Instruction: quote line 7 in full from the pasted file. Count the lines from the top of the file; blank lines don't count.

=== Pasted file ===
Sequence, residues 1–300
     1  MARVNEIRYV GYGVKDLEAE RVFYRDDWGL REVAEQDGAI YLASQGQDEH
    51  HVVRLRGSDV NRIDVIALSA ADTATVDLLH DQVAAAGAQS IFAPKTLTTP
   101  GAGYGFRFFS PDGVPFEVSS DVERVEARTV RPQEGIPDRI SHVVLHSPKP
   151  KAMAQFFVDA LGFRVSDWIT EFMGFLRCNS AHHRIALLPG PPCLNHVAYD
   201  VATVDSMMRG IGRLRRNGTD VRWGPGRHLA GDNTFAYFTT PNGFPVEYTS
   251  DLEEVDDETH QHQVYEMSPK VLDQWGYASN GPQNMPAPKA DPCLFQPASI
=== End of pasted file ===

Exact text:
   251  DLEEVDDETH QHQVYEMSPK VLDQWGYASN GPQNMPAPKA DPCLFQPASI